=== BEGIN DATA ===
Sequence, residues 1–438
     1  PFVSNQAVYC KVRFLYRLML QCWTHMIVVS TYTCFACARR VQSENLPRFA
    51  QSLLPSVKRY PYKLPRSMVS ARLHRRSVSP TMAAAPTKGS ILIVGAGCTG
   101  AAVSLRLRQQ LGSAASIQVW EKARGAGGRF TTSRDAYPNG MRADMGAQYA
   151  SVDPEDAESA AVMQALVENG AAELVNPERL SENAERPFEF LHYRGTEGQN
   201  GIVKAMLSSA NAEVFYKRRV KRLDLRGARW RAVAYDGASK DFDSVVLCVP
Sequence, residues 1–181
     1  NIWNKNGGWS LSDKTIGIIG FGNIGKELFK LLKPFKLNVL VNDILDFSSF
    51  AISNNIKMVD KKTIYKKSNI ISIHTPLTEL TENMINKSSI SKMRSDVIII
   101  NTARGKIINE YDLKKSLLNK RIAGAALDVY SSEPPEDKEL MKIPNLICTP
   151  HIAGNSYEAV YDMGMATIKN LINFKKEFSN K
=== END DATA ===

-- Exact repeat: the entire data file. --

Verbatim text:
Sequence, residues 1–438
     1  PFVSNQAVYC KVRFLYRLML QCWTHMIVVS TYTCFACARR VQSENLPRFA
    51  QSLLPSVKRY PYKLPRSMVS ARLHRRSVSP TMAAAPTKGS ILIVGAGCTG
   101  AAVSLRLRQQ LGSAASIQVW EKARGAGGRF TTSRDAYPNG MRADMGAQYA
   151  SVDPEDAESA AVMQALVENG AAELVNPERL SENAERPFEF LHYRGTEGQN
   201  GIVKAMLSSA NAEVFYKRRV KRLDLRGARW RAVAYDGASK DFDSVVLCVP
Sequence, residues 1–181
     1  NIWNKNGGWS LSDKTIGIIG FGNIGKELFK LLKPFKLNVL VNDILDFSSF
    51  AISNNIKMVD KKTIYKKSNI ISIHTPLTEL TENMINKSSI SKMRSDVIII
   101  NTARGKIINE YDLKKSLLNK RIAGAALDVY SSEPPEDKEL MKIPNLICTP
   151  HIAGNSYEAV YDMGMATIKN LINFKKEFSN K